Honken recites poem ahead of his execution at Terre Haute's federal facility

The third federal execution of the week has happened in Terre Haute. Dustin Honken died by lethal injection at 4:36 p.m. on Friday.

Posted: Jul 17, 2020 1:33 PM
Updated: Jul 17, 2020 8:05 PM

TERRE HAUTE, Ind. (WTHI/AP) - The third federal execution of the week has happened in Terre Haute.

Dustin Honken died by lethal injection at 4:36 p.m. on Friday. 

Who is Dustin Honken? 

Offense Date: July 25, 1993

Offense Description: Inmate Honken, shot and killed five people—two men who planned
to testify against him and a single, working mother and her ten-year-old and six-yearold daughters. On October 14, 2004, a jury in the U.S. District Court for the Northern
District of Iowa found inmate Honken guilty of numerous offenses, including five counts
of murder during the course of a continuing criminal enterprise, and he was sentenced
to death.

Sentencing and Incarceration Information
Sentenced on: October 11, 2005
Sentencing District: Northern District of Iowa

Conviction:

  • Conspiracy to Commit Murder
  • Engaging in the Manufacture & Distribution of Methamphetamine
  • Continuing Criminal Enterprise Murder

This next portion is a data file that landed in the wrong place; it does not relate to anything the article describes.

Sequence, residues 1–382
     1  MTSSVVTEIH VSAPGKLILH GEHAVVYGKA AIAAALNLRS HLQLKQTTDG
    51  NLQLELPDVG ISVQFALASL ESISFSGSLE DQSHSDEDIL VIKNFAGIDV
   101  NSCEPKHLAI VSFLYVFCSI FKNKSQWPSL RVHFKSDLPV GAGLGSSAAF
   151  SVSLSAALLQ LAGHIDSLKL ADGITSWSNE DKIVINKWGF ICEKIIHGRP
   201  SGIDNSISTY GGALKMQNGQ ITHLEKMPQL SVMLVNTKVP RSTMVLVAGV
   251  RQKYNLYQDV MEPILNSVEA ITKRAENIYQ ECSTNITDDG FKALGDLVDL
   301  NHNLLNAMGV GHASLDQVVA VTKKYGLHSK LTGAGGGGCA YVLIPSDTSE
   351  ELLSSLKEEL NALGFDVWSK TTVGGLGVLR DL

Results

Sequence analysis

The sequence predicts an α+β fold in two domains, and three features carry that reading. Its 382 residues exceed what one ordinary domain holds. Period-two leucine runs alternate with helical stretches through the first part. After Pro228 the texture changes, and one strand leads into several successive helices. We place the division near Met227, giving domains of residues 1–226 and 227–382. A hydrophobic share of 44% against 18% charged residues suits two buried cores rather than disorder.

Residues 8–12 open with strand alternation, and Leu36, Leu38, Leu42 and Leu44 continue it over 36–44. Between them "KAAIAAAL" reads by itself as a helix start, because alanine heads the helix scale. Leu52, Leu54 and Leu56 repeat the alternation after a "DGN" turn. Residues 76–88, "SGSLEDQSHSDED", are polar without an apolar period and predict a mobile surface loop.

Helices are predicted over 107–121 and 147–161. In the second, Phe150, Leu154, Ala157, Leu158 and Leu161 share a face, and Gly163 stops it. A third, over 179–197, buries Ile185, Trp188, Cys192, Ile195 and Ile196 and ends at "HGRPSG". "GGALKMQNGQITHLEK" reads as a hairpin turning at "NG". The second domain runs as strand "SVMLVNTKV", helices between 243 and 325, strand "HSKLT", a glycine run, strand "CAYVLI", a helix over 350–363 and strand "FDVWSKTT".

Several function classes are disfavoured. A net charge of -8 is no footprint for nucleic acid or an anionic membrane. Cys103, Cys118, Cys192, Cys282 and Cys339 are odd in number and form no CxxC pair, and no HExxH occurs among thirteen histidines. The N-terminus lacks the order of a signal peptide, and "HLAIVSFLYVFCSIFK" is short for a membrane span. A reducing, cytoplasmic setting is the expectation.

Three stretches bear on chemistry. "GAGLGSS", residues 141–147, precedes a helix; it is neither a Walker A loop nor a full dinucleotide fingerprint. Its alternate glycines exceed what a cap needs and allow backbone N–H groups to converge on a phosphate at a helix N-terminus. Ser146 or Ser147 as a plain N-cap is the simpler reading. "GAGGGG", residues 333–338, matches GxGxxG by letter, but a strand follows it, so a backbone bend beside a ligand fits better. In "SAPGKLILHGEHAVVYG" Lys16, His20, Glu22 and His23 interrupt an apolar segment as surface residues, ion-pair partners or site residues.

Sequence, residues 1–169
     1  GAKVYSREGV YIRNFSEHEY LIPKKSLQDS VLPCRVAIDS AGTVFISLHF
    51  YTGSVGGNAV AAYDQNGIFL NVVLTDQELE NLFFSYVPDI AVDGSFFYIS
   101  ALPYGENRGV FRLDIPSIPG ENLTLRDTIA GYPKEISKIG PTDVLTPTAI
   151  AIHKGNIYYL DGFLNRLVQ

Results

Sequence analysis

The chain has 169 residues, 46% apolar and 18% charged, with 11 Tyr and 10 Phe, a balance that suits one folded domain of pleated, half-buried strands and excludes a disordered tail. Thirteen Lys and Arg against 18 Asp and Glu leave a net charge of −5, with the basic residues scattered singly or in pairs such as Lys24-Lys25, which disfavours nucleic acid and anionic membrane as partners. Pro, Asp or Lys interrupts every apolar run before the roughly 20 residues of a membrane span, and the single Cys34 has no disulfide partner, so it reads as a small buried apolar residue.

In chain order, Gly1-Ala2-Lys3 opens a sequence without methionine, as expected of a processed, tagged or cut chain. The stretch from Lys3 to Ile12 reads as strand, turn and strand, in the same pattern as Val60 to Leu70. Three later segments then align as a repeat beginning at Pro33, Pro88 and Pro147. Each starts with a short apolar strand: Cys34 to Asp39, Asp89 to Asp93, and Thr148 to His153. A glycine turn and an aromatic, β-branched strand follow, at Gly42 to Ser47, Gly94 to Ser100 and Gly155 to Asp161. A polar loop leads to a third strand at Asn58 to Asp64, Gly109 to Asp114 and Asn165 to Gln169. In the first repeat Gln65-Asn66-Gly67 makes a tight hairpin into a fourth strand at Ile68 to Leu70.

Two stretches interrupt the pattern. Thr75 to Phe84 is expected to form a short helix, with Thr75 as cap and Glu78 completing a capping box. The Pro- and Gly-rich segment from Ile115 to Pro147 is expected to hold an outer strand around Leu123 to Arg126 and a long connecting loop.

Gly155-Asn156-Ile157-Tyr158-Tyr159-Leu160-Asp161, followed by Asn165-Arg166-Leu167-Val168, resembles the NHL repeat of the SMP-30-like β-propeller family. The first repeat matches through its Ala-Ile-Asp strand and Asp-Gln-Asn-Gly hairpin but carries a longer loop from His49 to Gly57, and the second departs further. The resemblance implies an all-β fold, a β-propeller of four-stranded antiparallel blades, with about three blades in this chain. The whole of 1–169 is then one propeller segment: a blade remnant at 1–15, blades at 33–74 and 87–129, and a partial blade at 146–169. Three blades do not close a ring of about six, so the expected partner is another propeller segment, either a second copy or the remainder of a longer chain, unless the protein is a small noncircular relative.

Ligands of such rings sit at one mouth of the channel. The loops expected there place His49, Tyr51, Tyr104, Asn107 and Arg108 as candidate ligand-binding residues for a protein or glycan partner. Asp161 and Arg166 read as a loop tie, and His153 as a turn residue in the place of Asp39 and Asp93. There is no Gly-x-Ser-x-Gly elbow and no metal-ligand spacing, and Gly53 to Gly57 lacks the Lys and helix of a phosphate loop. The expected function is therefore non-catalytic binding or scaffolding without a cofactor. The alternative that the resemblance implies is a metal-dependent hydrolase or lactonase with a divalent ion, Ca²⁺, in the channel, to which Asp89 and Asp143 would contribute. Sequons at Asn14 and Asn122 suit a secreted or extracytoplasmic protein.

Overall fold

Committed: October 13, 2005 to the Federal Bureau of Prisons

Jail Credit: No Jail Credit

Time Served at date of execution: 22 years and 5 months

SOURCE: BOP

----

WESLEY PURKEY'S EXECUTION 

DANIEL LEE'S EXECUTION

Before the execution, Honken recited the poem "Heaven-Haven":

“I have desired to go
Where springs not fail,
To fields where flies no sharp and sided hail
And a few lilies blow.
And I have asked to be
Where no storms come,
Where the green swell is in the havens dumb,
And out of the swing of the sea.”

Honken's execution was much more straight forward and didn't have several legal battles delaying it, like the first two earlier this week.

Dustin Honken, 52, was sentenced to death for killing government informants and children in his effort to thwart his drug trafficking prosecution in 1993.

Honken is set to die by a lethal injection of the powerful sedative pentobarbital at the federal prison in Terre Haute, Indiana, where he’s been on death row since 2005. His lawyers are making last-minute pleas for a reprieve, but their chances of success seem remote after the Supreme Court reversed lower-court orders that sought to block the executions of two other men this week.

Over recent days, prison authorities permitted Honken to make his last calls to family and friends, according to Sister Betty Donoghue, a Catholic nun whom he called Wednesday.

On death row, Honken befriended Daniel Lewis Lee — the first man executed this week — and knew Lee’s execution was called off one hour, then was back on another hour, Donoghue said.

Posted by Dominic Miranda on Friday, July 17, 2020

“He was very upset with the way Danny died,” said Donoghue, who visited Honken regularly over the past decade.

Yet Donoghue, of the Sisters of Providence just outside Terre Haute, said she was startled at how calm Honken sounded over the phone.